I reckon you could file this one under August malaise. Or it may fit into the “another school year is upon us” category. I tend to relate it more to a nightmare on Elm Street. It’s all a mite trifling when you look back on it from this side of the years. But there was nothing trivial, silly or innocent about it in 1956. Those steps were wide……and tall. And imposing as all get out! Leon told me sea monsters, escaped convicts and creatures from out of the Jarrell Switch Bottom lived on the second floor.
He said the teachers “up there” whipped you before reading class “just because they could”.
Life is full of plateaus and moving on to the next level is part of the growing process. Young adolescences especially are faced with seemingly endless mountains that have to be climbed, rivers to cross, bends to round……. Understanding all of that didn’t help one whit at the time. I didn’t want to go back to school! I was afraid of that second floor. I didn’t want to be put in an uncomfortable, unknown situation! And it doesn’t matter how you rationalize it as you mature. August, to this very day, is still one of my least favorite months!
I have no idea who designed our elementary school. It was big, austere and a tad drafty on cold days. The first three grades were downstairs. The upper three grades were on the second floor. You couldn’t go upstairs if you were a first, second or third grader. Mr. McIver made it pretty plain that we “had no business up there”. We didn’t know if it was a school rule, simple tradition or some type of safety numbers problem.
I spent the first three years in that building without ever venturing even to the first level of those sinister steps. It was designed so you climbed up the first ten steps, wheeled about in the exact opposite direction and continued to the top. You couldn’t see anything by simply peering up. We heard noises from time to time. And Joe Galloway slipped up there one afternoon when the rest of us went to recess…… Joe and his whole family moved down to Bolivar the next month.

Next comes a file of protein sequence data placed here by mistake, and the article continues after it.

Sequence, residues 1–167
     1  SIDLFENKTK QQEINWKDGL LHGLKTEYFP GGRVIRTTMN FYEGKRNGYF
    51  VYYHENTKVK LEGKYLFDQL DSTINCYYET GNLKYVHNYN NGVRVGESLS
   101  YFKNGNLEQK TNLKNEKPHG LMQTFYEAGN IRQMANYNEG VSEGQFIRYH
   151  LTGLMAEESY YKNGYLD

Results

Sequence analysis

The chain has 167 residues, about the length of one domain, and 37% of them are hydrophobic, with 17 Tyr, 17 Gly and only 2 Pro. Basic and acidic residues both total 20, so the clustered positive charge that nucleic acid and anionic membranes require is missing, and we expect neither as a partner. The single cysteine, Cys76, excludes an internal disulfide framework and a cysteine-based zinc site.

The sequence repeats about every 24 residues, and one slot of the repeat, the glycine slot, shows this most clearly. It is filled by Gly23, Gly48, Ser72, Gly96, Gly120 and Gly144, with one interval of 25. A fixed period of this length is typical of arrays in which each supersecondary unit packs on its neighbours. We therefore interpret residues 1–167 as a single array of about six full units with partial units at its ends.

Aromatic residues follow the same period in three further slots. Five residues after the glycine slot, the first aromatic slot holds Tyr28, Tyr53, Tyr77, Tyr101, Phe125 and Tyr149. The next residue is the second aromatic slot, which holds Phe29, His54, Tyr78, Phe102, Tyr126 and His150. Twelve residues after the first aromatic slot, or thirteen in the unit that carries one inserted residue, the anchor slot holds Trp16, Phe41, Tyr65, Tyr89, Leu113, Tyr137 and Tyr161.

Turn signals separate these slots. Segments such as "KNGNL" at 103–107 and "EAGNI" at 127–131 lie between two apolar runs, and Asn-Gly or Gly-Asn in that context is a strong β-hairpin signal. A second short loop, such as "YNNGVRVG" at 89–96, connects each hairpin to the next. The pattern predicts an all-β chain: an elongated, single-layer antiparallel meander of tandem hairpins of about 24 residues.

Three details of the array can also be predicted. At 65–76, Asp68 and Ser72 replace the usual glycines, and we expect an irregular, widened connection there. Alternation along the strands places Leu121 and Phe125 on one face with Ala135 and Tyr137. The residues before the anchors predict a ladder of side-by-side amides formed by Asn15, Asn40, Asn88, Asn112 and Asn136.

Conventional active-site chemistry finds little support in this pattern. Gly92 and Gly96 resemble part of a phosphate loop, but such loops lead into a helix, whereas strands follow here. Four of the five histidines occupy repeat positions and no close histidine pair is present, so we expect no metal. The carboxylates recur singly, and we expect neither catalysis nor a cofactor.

There was something not natural about that second floor. And if you could have seen how vast, stark, boggy, wet, foggy and eerie the Jarrell Switch Bottom truly was—you wouldn’t have wanted to walk up on one of those creatures under any circumstance!
The summer we graduated from the third grade me and Bobby Brewer made the only logical decision we could base on all the obtainable facts. We quit school. He had a cousin or an uncle who worked down at the Milan Arsenal. I don’t know exactly what we thought a couple of eight and a half year olds could do at a munitions plant, but we were bound and determined to give it a try. ANYHING was better than climbing those steps!
We could hop the L&N freight train that came through every evening. We’d had about all of the schooling we needed anyhow. We knew better than to discuss the plan with our parents. Grown-ups have a terrible problem understanding our fears at times. They think because THEY understand that naturally it should be just as clear and simple to us. Parents are the world’s worst at remembering sometimes what being young is really like.
Bobby and I figured “low to the ground” was best. When Miss Belle stepped down the hall to have a smoke, we’d jump out the third grade window and collect a bug, dirt or some grass to throw on Pam, Ruth Ann or Betsey. We try that next year and the dirt might be on us!
We pooled our money and bought a can of Red Bird Imitation Vienna sausage and a box of saltine crackers out at Pat Houston’s Grocery. We didn’t worry about clothes and toothbrushes. I did think about my ball glove and my big magnet. But Bobby said we had to travel light. I told Leon we were going. I figured my folks would worry if they didn’t have some clue as to my whereabouts.
Leon studied on our plan for a moment. “Have you guys lost you ever lovin’ minds? That ammunition plant is the most unsafe place in the world! They have an explosion or a fire about twice a month. Can you imagine a fire in a bullet factory?”
Good grief! My life had boiled down to being blown to tiny bits in Milan or being eaten alive up on the second floor of the elementary school.
The speed of the freight train sealed out fate. We couldn’t catch it. We had to face the monsters on high. Me and Bobby climbed those steps haltingly, but together. Miss Dinwiddie smiled at us on the very first morning and I could tell right from the start that she wasn’t going to let the creatures get us. As a matter of fact, the fourth grade was a lot like all the others, except the spelling words were longer. And we quickly learned to stomp the floor and moan as loud as we could. And we’d give no hint to the young kids in the grades below as to what was really taking place “up there”.
They had to face their own demons, just like we did.